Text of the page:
GRHC - July 4th, 2012
The village of Grand Rapids had rousing Fourth of July celebrations from its very beginning in 1833.
In 1833, the pioneer family of Joel Guild had been here just eleven days, and had scarcely begun building their house at the foot of Monroe Street. The ladies, and those of the trading station took tea together, and there is a tradition that Uncle Louis Campau and Uncle Joel, remembered the Fourth temperately, with a slight moistening of the lips. The missionary on the west side tried to explain to the Native Americans why the Fourth of July was a day of jubilee among the Americans.
The following year the men of the village, with Robert Barr and his fiddle at the head, marched up and down the Indian trail, which later became Monroe Street. They sang and shouted and fiddled and hurrahed.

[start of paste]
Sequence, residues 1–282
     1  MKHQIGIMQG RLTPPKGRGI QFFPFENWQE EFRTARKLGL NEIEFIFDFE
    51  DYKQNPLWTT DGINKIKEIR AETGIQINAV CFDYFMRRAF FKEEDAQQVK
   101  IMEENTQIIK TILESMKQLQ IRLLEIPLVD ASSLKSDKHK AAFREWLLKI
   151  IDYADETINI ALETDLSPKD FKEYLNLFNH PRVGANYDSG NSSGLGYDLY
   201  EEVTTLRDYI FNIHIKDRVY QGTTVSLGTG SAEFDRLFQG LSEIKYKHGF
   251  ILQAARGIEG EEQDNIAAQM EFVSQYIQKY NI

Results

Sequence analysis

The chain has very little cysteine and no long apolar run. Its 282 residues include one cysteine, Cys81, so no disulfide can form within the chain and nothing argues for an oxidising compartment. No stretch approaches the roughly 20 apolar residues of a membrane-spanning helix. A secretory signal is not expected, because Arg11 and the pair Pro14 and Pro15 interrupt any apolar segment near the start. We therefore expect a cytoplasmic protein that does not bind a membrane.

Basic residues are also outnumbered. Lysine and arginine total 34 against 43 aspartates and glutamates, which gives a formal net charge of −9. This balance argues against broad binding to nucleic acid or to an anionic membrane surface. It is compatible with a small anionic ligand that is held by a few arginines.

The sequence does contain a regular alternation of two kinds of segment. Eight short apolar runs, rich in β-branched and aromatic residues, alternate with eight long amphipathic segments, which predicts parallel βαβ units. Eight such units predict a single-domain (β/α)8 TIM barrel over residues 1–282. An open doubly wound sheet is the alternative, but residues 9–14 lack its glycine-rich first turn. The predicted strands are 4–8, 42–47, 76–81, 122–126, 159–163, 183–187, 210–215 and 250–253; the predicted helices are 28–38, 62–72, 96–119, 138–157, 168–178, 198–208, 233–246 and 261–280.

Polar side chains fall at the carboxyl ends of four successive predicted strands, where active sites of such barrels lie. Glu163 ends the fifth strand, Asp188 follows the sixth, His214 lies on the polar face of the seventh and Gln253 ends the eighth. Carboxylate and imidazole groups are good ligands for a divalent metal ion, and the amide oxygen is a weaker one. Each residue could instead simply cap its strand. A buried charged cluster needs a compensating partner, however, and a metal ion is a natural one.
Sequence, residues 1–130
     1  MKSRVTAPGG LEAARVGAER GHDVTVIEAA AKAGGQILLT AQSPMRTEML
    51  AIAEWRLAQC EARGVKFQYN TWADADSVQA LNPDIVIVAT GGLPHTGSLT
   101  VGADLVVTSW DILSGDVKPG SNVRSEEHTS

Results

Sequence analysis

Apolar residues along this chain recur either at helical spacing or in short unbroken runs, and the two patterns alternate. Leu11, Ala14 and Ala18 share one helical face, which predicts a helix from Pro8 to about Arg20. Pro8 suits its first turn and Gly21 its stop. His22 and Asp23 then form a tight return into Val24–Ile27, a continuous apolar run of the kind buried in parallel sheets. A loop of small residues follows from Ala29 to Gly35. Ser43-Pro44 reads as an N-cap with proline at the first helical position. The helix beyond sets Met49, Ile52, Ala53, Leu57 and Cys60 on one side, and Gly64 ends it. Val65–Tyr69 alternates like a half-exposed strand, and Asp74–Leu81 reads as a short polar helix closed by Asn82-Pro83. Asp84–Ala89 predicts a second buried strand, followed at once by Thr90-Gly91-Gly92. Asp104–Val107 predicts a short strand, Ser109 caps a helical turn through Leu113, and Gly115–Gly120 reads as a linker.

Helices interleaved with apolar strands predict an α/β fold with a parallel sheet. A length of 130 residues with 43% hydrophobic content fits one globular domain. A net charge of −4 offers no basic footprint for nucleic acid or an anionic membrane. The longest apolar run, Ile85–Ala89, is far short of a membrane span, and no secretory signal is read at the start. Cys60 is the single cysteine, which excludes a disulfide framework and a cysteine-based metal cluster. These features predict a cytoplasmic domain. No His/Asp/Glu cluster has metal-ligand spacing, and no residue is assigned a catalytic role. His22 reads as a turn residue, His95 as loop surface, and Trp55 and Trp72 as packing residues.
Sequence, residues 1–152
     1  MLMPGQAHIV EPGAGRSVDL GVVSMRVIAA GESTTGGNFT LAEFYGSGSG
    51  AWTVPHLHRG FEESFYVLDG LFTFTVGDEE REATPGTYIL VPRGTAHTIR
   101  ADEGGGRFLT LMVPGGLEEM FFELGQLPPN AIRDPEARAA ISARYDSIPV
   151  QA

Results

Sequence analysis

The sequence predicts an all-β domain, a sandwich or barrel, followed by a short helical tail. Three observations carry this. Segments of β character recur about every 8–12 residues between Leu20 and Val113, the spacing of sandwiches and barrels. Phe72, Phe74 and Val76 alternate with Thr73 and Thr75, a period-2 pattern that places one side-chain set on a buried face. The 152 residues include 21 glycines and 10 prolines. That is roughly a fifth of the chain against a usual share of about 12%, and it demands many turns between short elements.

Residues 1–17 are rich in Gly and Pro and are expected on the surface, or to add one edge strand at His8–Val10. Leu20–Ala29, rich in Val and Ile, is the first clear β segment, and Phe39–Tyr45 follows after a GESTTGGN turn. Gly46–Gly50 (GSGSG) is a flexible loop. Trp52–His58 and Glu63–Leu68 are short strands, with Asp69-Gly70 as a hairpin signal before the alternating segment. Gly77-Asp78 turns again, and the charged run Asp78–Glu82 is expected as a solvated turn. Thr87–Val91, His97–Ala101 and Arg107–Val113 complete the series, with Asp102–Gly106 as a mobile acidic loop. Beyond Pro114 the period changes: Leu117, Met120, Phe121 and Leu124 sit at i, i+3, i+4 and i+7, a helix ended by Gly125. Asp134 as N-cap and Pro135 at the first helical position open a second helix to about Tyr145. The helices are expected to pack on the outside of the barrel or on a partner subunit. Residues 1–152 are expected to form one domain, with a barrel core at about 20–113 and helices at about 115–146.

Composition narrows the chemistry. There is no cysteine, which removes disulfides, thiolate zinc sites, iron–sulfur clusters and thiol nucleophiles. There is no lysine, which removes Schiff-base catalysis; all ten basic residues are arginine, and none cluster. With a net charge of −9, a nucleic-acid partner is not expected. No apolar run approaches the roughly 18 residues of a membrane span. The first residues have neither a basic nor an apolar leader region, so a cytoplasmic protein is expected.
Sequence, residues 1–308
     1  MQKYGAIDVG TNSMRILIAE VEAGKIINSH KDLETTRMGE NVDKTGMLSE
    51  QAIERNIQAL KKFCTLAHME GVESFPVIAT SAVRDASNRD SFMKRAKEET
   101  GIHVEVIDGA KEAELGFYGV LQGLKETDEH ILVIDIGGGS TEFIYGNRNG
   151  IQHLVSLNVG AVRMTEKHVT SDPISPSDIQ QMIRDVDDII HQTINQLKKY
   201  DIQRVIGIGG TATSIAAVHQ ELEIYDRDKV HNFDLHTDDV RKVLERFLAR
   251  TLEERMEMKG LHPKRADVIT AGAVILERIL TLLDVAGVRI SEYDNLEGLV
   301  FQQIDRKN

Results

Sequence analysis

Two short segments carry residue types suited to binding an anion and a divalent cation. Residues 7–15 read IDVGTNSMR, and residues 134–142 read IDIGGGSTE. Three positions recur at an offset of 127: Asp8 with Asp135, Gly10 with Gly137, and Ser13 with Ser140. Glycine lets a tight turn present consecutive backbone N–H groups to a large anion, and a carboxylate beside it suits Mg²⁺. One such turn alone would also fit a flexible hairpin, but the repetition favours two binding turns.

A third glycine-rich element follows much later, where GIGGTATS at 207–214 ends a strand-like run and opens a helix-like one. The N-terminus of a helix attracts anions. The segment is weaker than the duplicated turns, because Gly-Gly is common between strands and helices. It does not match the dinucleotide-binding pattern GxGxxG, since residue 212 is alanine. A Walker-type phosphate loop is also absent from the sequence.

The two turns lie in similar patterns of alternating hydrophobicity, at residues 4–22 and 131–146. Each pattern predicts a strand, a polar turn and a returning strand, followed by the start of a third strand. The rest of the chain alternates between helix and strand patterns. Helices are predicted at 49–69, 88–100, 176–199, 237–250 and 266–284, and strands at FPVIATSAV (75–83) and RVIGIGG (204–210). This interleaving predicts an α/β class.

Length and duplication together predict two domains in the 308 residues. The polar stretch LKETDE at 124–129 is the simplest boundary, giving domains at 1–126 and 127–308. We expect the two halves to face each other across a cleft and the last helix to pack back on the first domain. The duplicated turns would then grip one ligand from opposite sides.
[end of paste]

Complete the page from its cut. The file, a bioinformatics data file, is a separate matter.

They had more marching across the river where many Native Americans joined in the sport. Chief Blackskin laughed then, if he never did at any other time in his life. A canoe rides down the river and back followed. What the fur traders and the priest did, nobody bothered to record.
Later in 1837 the maiden voyage of the new steamer, Governor Mason, provided an exciting excursion down the river to Grandville and back. The celebration included an oration on the boat with music provided by a bugle. Four liberty poles were raised at Grandville, but not one was standing at nightfall. One pioneer called it the liveliest Fourth he ever saw.
|Keywords||WYCE; radio; Grand Rapids; Historical Commission; history; celebrations; Fourth of July|
|Pubdate String||July 4th, 2012|